A large study has demonstrated that delayed healing after dental surgery and subsequent jaw osteonecrosis can be induced by the use of bisphosphonates, a class of drugs commonly used to treat bone diseases such as osteoporosis. The study showed that participants who used oral bisphosphonates had a significant risk of delayed healing.
Researchers at the University of Melbourne investigated the data of more than 4,200 dental patients aged over 50 and found that participants who took oral bisphosphonates had a 13-fold increased risk of delayed dental healing. There were no cases associated with intravenous bisphosphonate use. After adjustment for smoking, the researchers found an 11-fold greater risk with bisphosphonates. In addition, they found that delayed healing was associated with a dental precipitant in 39 of 40 delayed dental healing cases.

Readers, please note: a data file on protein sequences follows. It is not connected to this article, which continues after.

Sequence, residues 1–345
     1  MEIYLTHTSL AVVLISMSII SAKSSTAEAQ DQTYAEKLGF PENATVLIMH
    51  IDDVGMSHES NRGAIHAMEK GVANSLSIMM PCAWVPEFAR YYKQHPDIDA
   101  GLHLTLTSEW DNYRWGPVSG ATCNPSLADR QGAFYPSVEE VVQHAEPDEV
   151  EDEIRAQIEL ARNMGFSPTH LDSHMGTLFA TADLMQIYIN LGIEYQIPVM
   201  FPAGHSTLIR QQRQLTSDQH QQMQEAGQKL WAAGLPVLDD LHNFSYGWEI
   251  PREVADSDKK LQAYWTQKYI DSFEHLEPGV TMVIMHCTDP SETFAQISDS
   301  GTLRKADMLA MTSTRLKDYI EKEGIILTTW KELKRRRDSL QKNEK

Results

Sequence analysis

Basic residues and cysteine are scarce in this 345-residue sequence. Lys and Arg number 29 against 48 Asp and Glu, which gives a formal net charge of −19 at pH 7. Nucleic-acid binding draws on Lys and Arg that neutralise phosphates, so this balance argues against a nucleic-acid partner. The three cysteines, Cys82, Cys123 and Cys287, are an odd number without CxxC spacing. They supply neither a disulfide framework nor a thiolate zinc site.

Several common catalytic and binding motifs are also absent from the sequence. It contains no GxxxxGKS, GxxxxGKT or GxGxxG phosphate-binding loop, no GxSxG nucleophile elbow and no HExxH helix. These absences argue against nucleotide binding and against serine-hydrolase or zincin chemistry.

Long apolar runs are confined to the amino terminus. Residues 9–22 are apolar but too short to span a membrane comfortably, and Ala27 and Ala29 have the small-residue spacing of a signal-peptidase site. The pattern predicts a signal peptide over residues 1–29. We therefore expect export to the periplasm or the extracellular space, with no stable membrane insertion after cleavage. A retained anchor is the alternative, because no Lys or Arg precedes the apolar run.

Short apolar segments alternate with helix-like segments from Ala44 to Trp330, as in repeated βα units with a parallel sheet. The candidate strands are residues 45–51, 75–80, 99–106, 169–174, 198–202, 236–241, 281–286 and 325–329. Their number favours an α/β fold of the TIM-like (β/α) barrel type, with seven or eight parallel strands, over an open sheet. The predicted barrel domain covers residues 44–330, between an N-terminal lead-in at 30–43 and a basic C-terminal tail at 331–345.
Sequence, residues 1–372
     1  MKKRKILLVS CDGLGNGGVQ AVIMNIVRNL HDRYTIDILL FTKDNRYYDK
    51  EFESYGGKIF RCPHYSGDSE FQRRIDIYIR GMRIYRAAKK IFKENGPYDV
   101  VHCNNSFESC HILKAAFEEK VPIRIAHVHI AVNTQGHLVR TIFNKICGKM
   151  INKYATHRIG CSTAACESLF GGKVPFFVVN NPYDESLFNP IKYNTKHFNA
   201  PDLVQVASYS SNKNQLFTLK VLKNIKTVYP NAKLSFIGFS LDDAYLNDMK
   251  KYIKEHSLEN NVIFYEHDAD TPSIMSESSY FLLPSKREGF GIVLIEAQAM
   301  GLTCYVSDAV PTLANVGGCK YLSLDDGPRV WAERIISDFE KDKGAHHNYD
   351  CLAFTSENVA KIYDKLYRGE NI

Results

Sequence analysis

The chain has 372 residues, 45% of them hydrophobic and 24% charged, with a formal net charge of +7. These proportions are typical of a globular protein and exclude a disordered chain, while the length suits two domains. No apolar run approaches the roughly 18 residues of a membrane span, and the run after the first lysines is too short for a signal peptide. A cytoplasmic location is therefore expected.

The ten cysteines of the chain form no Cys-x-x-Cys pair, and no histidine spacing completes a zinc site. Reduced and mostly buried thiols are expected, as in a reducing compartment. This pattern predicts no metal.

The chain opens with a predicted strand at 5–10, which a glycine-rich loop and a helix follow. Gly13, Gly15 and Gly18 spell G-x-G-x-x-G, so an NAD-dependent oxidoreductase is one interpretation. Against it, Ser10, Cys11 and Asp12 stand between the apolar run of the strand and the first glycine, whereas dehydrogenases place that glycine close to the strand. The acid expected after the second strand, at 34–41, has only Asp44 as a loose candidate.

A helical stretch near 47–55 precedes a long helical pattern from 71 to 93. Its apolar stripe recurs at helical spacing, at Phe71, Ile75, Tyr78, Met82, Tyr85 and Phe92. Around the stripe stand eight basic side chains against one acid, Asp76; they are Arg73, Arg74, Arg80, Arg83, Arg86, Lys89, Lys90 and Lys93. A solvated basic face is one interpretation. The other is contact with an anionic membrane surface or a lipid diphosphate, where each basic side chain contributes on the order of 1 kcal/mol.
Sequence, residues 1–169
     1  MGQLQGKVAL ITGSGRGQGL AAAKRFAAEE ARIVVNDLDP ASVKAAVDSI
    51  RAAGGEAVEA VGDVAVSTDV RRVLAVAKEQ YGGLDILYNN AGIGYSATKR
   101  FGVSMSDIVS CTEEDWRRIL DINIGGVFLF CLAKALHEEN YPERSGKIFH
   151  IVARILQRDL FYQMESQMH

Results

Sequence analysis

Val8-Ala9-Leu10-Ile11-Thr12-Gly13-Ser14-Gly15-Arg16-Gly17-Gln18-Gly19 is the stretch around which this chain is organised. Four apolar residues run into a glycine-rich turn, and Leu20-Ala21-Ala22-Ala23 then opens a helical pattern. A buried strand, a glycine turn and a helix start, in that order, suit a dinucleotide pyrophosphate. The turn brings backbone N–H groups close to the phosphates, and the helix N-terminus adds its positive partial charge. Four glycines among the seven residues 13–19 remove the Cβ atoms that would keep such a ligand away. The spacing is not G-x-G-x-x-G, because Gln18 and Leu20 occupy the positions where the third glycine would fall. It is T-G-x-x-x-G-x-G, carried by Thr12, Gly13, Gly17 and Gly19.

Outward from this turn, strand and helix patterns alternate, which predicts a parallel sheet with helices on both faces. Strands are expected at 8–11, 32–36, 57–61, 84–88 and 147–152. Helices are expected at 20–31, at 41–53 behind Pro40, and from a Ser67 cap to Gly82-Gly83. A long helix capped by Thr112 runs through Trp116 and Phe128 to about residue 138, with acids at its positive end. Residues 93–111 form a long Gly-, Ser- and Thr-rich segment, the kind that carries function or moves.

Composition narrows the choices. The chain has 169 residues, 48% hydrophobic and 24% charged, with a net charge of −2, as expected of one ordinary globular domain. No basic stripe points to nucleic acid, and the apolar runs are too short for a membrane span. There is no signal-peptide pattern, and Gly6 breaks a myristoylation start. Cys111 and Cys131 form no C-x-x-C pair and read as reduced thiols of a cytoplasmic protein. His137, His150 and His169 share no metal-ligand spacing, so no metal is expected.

The study, titled “A large case–control study reveals a positive association between bisphosphonate use and delayed dental healing and osteonecrosis of the jaw”, was published online on 20 January in the Journal of Bone and Mineral Research ahead of print.
Original Source: The Dental Tribune.com